|US7132697||6 Feb 2004||7 Nov 2006||Weimer Alan W||Nanomaterials for quantum tunneling varistors|
|US7132922||23 Dic 2003||7 Nov 2006||Littelfuse, Inc.||Direct application voltage variable material, components thereof and devices employing same|
|US7141184||8 Dic 2003||28 Nov 2006||Cts Corporation||Polymer conductive composition containing zirconia for films and coatings with high wear resistance|
|US7173288||10 Feb 2005||6 Feb 2007||Samsung Electro-Mechanics Co., Ltd.||Nitride semiconductor light emitting device having electrostatic discharge (ESD) protection capacity|
|US7183891||5 Oct 2004||27 Feb 2007||Littelfuse, Inc.||Direct application voltage variable material, devices employing same and methods of manufacturing such devices|
|US7202770||8 Abr 2003||10 Abr 2007||Littelfuse, Inc.||Voltage variable material for direct application and devices employing same|
|US7205613||7 Ene 2005||17 Abr 2007||Silicon Pipe||Insulating substrate for IC packages having integral ESD protection|
|US7218492||17 Sep 2004||15 May 2007||Electronic Polymers, Inc.||Devices and systems for electrostatic discharge suppression|
|US7320762||27 Jun 2002||22 Ene 2008||Abb Schweiz Ag||Polymer compound with nonlinear current-voltage characteristic and process for producing a polymer compound|
|US7417194||24 Jun 2004||26 Ago 2008||Electronic Polymers, Inc.||ESD protection devices and methods of making same using standard manufacturing processes|
|US7446030||14 Sep 2004||4 Nov 2008||Shocking Technologies, Inc.||Methods for fabricating current-carrying structures using voltage switchable dielectric materials|
|US7505239||13 Abr 2006||17 Mar 2009||Tdk Corporation||Light emitting device|
|US7528467||28 Feb 2006||5 May 2009||Inpaq Technology Co., Ltd.||IC substrate with over voltage protection function|
|US7609141||26 Feb 2007||27 Oct 2009||Littelfuse, Inc.||Flexible circuit having overvoltage protection|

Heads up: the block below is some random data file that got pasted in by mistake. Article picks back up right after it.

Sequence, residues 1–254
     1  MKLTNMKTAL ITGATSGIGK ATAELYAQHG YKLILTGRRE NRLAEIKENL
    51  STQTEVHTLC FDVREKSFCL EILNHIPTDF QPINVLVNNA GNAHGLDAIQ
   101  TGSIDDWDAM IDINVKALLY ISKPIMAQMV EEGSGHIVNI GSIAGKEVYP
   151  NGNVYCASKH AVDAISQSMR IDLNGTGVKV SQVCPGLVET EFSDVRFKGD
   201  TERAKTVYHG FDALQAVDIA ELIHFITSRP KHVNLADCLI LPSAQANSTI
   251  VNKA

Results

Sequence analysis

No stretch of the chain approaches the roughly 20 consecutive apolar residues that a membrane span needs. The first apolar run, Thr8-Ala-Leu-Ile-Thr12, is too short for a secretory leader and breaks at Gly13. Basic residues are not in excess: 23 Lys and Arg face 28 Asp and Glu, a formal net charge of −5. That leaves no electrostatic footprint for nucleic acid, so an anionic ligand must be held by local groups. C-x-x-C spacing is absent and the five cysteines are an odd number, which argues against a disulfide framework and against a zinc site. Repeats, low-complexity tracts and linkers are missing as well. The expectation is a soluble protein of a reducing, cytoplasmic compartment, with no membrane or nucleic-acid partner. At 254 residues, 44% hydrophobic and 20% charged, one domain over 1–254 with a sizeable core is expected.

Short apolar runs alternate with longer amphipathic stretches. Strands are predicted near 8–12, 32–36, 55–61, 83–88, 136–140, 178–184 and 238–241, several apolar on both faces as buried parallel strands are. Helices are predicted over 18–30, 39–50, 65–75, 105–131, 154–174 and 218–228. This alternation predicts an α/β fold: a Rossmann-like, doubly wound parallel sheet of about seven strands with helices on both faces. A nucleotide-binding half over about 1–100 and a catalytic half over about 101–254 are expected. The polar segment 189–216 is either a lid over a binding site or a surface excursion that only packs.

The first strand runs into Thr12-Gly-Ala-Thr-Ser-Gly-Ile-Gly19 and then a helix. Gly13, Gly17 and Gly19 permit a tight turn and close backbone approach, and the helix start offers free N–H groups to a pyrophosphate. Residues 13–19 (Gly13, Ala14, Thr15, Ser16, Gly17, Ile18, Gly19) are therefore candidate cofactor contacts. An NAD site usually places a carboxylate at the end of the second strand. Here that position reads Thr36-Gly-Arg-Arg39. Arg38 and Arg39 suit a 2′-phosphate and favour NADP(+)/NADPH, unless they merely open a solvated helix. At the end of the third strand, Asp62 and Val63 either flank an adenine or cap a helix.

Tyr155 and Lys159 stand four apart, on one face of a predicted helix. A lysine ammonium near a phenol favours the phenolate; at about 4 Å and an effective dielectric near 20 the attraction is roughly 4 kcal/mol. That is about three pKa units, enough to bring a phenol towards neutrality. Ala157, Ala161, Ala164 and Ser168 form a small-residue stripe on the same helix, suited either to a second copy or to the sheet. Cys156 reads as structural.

|US7695644||29 Jul 2007||13 Abr 2010||Shocking Technologies, Inc.||Device applications for voltage switchable dielectric material having high aspect ratio particles|
|US20020004258||27 Abr 2001||10 Ene 2002||Seiko Epson Corporation||Semiconductor device and method of fabricating the same, circuit board, and electronic equipment|
|US20020050912||10 Abr 2001||2 May 2002||Shrier Karen P.||Variable voltage protection structures and method for making same|
|US20020061363||27 Sep 2001||23 May 2002||Halas Nancy J.||Method of making nanoshells|
|US20030008989||22 Sep 2001||9 Ene 2003||Shipley Company, L.L.C||Polymer synthesis and films therefrom|
|US20030010960||27 Jun 2002||16 Ene 2003||Felix Greuter||Polymer compound with nonlinear current-voltage characteristic and process for producing a polymer compound|
|US20030079910||9 Dic 2002||1 May 2003||Lex Kosowsky||Current carrying structure using voltage switchable dielectric material|
|US20030151029||10 Feb 2003||14 Ago 2003||Hsu Wan Peter||Core-shell particles for electrophoretic display|
|US20030207978||30 May 2003||6 Nov 2003||Tapesh Yadav||Non-spherical nanopowder derived nanocomposites|
|US20030218851||8 Abr 2003||27 Nov 2003||Harris Edwin James||Voltage variable material for direct application and devices employing same|
|US20040062041||25 Sep 2003||1 Abr 2004||Cross Robert Porter||Retrofit light emitting diode tube|
|US20040063294||30 Sep 2002||1 Abr 2004||Durocher Kevin M.||Techniques for fabricating a resistor on a flexible base material|
|US20040063839||15 Sep 2003||1 Abr 2004||Canon Kabushiki Kaisha||Method of producing electron emitting device using carbon fiber, electron source and image forming apparatus, and ink for producing carbon fiber|
|US20040095658||4 Sep 2003||20 May 2004||Nanosys, Inc.||Nanocomposites|